These predatory sea snails subdue their prey with a hollow, venom-filled tooth. The venom interferes with nerve impulses, paralyzing prey in various ways. These toxins are now finding medical uses as pain blockers.


Cone shells (various species)
From the Indo-Pacific, mid-17th–18th centuries


Invertebrate Zoology


Most snails have many small, scraping teeth on a chitinous ribbon, much like the teeth on a file, that can be used to scrape food off of surfaces. One group of predatory snails, the Cone Snails, paralyze their prey with a single, hollow harpoon-shaped tooth filled with venom. Most Cone Snails feed on worms or other snails, but some lie in wait and harpoon and subdue unsuspecting fish.

Cone venom contains hundreds of different compounds called conotoxins that interfere with nerve impulses, causing prey to go limp or to go into rigor with continuously tensed muscles. Some conotoxins take effect quickly but do not last long, while others take effect slowly but last much longer—long enough for a slow-moving snail to swallow their prey. Combinations of conotoxins are specific to cone species, and even populations within species, and are well-honed for their prey. These compounds, each with specific effects, are being studied as pain blockers, some of which can be a hundred times as effective as morphine in relieving pain. Already several drugs have been developed and are currently used in pain therapy.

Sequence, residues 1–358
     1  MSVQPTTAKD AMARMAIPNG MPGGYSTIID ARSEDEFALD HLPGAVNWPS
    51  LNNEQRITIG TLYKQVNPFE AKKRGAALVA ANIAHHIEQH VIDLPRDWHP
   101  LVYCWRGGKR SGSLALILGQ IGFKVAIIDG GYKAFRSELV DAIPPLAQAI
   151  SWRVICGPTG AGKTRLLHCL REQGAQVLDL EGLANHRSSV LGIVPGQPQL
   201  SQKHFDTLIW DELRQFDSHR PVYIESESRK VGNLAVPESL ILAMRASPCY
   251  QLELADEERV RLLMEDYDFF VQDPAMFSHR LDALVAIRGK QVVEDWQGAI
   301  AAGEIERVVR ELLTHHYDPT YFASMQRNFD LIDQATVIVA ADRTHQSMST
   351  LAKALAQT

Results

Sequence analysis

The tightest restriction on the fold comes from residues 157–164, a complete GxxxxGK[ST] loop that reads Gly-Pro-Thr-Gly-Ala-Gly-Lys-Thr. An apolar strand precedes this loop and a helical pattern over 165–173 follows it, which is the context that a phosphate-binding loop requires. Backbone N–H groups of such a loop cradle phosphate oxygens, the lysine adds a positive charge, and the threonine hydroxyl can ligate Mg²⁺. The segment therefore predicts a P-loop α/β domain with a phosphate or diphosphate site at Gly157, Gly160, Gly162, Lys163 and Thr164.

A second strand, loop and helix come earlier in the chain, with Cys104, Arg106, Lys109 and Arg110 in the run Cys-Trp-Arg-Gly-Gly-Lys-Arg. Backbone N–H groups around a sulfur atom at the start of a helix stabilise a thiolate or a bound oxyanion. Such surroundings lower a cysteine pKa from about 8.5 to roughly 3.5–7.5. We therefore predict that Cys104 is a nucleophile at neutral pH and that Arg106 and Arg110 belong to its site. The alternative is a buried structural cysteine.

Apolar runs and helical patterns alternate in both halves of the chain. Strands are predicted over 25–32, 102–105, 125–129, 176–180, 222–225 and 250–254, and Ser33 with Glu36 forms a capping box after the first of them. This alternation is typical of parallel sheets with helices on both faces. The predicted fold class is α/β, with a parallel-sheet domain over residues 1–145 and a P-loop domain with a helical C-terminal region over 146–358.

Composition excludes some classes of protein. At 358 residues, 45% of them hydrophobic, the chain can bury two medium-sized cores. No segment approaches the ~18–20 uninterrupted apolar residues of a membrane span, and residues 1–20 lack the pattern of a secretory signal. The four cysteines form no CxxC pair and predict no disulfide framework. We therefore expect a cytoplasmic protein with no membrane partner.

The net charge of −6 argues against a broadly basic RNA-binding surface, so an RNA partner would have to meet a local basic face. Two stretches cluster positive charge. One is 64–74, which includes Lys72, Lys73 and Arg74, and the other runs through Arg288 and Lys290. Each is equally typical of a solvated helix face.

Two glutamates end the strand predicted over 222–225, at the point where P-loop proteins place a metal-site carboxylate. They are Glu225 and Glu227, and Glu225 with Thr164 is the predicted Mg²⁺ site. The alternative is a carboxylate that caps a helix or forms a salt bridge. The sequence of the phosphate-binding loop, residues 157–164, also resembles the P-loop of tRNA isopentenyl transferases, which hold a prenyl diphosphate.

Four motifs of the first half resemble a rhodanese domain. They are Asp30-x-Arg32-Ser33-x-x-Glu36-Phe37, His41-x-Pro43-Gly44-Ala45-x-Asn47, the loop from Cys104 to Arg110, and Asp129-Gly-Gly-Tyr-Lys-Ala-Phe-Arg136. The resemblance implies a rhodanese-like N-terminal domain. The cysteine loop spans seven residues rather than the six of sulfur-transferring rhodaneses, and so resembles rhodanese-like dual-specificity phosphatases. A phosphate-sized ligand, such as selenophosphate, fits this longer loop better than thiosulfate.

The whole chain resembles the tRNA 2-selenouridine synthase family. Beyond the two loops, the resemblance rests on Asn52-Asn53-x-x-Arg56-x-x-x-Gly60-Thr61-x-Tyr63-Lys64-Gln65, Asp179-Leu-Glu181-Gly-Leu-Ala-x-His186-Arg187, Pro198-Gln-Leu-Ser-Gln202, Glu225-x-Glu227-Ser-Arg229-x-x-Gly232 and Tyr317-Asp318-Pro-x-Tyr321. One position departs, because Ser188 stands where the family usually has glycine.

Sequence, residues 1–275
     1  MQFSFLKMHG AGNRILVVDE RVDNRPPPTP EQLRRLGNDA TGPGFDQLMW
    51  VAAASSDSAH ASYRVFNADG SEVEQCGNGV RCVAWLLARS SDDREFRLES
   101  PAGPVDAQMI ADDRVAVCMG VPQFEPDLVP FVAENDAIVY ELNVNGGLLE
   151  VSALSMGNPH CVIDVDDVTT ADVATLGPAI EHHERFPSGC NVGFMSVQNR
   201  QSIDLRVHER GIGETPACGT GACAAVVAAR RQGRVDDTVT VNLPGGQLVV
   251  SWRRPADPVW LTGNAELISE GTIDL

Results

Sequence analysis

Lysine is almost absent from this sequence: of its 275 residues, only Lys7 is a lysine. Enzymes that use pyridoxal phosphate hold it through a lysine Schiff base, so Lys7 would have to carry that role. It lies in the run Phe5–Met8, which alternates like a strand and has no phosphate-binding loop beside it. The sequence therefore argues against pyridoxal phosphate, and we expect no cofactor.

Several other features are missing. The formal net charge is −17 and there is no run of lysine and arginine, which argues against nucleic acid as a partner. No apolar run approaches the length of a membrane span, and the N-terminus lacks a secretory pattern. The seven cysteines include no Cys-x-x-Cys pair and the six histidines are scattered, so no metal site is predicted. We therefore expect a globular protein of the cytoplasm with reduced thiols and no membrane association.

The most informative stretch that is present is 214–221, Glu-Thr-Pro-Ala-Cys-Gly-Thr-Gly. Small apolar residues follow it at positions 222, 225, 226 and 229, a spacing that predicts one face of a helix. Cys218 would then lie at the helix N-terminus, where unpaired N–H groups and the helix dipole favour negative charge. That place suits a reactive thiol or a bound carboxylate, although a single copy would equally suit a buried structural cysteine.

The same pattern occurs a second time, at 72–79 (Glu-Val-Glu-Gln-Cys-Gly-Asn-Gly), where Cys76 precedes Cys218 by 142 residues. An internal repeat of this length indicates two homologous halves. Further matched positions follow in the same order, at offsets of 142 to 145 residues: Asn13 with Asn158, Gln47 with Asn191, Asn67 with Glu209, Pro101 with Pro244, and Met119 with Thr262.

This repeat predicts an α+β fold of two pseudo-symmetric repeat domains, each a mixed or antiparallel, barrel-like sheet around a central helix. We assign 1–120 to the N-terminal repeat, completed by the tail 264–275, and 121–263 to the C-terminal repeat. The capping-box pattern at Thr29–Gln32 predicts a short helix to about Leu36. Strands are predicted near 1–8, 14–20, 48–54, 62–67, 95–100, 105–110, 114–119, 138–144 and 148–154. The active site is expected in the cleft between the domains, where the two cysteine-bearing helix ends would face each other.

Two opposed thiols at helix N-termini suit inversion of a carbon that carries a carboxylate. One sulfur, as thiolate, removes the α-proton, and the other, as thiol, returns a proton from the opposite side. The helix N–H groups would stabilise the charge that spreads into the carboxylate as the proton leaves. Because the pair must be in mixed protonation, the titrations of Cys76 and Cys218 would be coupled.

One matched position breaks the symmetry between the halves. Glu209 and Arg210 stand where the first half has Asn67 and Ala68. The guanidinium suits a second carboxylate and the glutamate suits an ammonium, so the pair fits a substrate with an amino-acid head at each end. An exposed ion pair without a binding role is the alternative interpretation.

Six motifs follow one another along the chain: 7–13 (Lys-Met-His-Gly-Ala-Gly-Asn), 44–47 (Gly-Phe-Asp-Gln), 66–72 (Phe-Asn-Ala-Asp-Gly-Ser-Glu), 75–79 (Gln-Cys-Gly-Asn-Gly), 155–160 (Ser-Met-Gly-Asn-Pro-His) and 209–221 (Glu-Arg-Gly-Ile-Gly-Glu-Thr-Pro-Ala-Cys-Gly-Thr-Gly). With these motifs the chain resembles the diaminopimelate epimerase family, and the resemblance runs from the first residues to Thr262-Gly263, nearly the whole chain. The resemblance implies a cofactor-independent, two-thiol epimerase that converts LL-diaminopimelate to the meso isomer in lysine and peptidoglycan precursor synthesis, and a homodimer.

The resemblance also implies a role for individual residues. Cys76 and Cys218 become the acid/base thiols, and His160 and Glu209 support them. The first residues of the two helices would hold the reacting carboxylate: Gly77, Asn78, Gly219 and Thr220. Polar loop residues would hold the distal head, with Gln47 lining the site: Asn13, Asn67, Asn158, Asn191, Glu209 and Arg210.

John Slapcinsky
Collection Manager, Invertebrates*
Florida Museum of Natural History


On display Sept. 23, 2017-Jan. 7, 2018, Rare, Beautiful & Fascinating: 100 Years @FloridaMuseum celebrated the Museum’s rich history. Each Museum collection was asked to contribute its most interesting items and share the stories that make them special. Though the physical exhibit is closed, this companion website remains online, providing an opportunity to experience the Florida Museum’s most treasured specimens.

Exhibit Area: Objects Tell Stories

Theme: Human Health

Cover of the All Things Beautiful bookWant to see more? Explore more than 300 breathtaking color photos of plants, animals, fossils and cultural heritage materials from the Florida Museum of Natural History’s collections in the award-winning book All Things Beautiful available from the University Press of Florida.

*This title was accurate at the time the exhibit was on display in 2017. Please visit the collection website to verify current staff and student information.

You Might Also Like